As cold weather approaches, Manchester City Council and other members of the Manchester Homelessness Partnership have been working together to ensure the right support is in place to help people sleeping rough off the streets this winter.
Every year during the colder winter months, the council expands its accommodation provision with additional help for people sleeping rough over and above the year-round services that are always available. Extra provision is initiated when the temperature is forecast to drop below freezing, as more people are likely to engage with services and come inside due to the life-threatening temperatures.
Learning from the experience during the pandemic, which included the success of bringing people into safe spaces for longer, the council will be offering Covid-safe accommodation with the focus on individuals accessing extensive support services to help them rebuild their lives until they can be moved on to more permanent accommodation.
Building on that success, this year, the council’s extended accommodation offer will run throughout the winter months from early December to 31 March and will include space for 50 individuals with en-suite rooms in an ex-hotel, outside the city centre. These bed spaces will be targeted for people who have been identified by partners and outreach teams as having high priority need and who have been on the streets for a long time and meet the criteria as set by the Homelessness Partnership. The Booth Centre will run the daytime Referral Hub to give easy access to the accommodation.
In addition to this, there will be 50 bed spaces provided in a hotel close to the city centre. These bed spaces will only be activated during prolonged cold weather, when the temperature is forecast to drop below zero, and will offer secure and Covid-safe spaces with support services in place to help people until they can move into more permanent accommodation.
To enable the city’s winter plans to run smoothly, additional support has come through successful partner bids to Homeless Link’s Winter Transformation fund. This £85,342 will fund a full-time Cold Weather Support Co-Ordinator working for Barnabus charity, one of the members of the Homelessness Partnership, who will help coordinate the winter provision. It will also fund a part-time worker at Centrepoint, a Mental Health worker, and will fund specialist support from MASH (Manchester Action on Street Health), On the Out, and the Boaz Trust. The Council will also receive funding from central government through the Rough Sleeper Initiative scheme and the Winter Pressures Fund.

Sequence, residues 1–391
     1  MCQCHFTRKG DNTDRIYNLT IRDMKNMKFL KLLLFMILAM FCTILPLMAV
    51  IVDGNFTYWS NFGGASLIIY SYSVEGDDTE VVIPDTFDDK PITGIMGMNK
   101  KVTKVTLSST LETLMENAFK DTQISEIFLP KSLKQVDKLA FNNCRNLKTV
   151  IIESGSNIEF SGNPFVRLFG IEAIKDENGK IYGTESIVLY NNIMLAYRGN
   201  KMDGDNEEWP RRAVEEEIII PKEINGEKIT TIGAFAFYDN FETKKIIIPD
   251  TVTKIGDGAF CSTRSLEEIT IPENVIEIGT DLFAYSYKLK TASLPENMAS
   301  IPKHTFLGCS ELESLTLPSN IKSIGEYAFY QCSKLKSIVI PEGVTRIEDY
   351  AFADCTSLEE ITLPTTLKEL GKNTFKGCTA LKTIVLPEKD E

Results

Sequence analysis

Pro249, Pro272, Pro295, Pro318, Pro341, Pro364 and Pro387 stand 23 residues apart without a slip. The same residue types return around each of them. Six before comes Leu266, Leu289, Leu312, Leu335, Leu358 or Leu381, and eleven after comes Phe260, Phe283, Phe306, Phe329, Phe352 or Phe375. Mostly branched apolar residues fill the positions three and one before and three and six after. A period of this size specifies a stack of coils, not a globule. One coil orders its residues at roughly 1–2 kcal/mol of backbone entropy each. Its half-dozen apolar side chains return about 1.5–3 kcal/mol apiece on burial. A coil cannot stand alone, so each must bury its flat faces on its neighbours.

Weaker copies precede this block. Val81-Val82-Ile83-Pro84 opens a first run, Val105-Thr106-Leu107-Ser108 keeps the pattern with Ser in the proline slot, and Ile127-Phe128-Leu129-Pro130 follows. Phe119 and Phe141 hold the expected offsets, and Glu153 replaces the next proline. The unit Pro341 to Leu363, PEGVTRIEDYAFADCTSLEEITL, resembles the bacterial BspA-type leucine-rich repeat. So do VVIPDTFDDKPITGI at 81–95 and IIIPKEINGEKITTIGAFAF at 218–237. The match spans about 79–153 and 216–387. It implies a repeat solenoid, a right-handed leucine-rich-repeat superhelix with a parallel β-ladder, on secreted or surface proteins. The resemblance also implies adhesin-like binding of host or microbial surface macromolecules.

In addition to the enhanced offer in winter the council also has access to 186 - A Bed Every Night - spaces jointly funded by Manchester City Council and Greater Manchester Combined Authority, plus 30 additional spaces in a hotel in Fallowfield which is now an annual council scheme for people sleeping rough. (Both schemes have also had funding through the Department for Levelling Up, Housing and Communities Rough Sleeper Initiative).
Councillor Luthfur Rahman OBE, deputy leader of Manchester City Council said:
“Our preparations this year have taken on board lessons from during the pandemic how we and our partners helped support people who had been sleeping rough into accommodation.
“We understand that as the weather gets colder more people are likely to accept help and want to come inside out of the cold. That is why there is additional emergency provision, and why we must focus our resources on the people who most need our help.
“They are often the most difficult people to reach and our experience shows that if we, along with the help of the partnership, can help them to balance their lives by keeping them in accommodation for that little bit longer, we are more likely to get them to engage with the services that they need to help them to gain the confidence and the ability to move forward to a better and hopefully more stable way of life.”
Amanda Croome from the Booth Centre, one of the organisations involved the Manchester Homelessness Partnership said:
"As a city, we work together to try and ensure that no one needs to sleep rough. We work as a partnership to ensure we have an overarching city approach so that services complement each other without duplication so people don't fall through the net. We have had the help of people who are homeless in designing the new service and they will also be involved in delivering (through our supported volunteering programme) and reviewing it, to ensure that we have the right service to get the best outcomes for people."
The city's cold weather response is being delivered through an expansive public, voluntary and community/charity sector partnership involving Barnabus, the Booth Centre, Coffee 4 Craig, Centrepoint, The Men's Room, On the Out, Reach Out to the Community, MASH, Shelter, Boaz Trust, Greater Manchester Mental Health Services, Urban Village Medical Practice, Street Engagement Hub, Caritas, Greater Manchester Police alongside the council.
Anyone who is worried about someone sleeping rough can report them to the council online at www.streetlink.org.uk
The Booth Centre is an award-winning community centre run with people affected by homelessness. Founded in 1995 by Amanda Croome, MBE, the Centre had the vision for everyone to have a secure home and the opportunity to have a good quality of life. The Booth Centre’s vision remains the same today, and the organisation is as determined as ever to work hard to achieve this in an unpredictable post-pandemic world.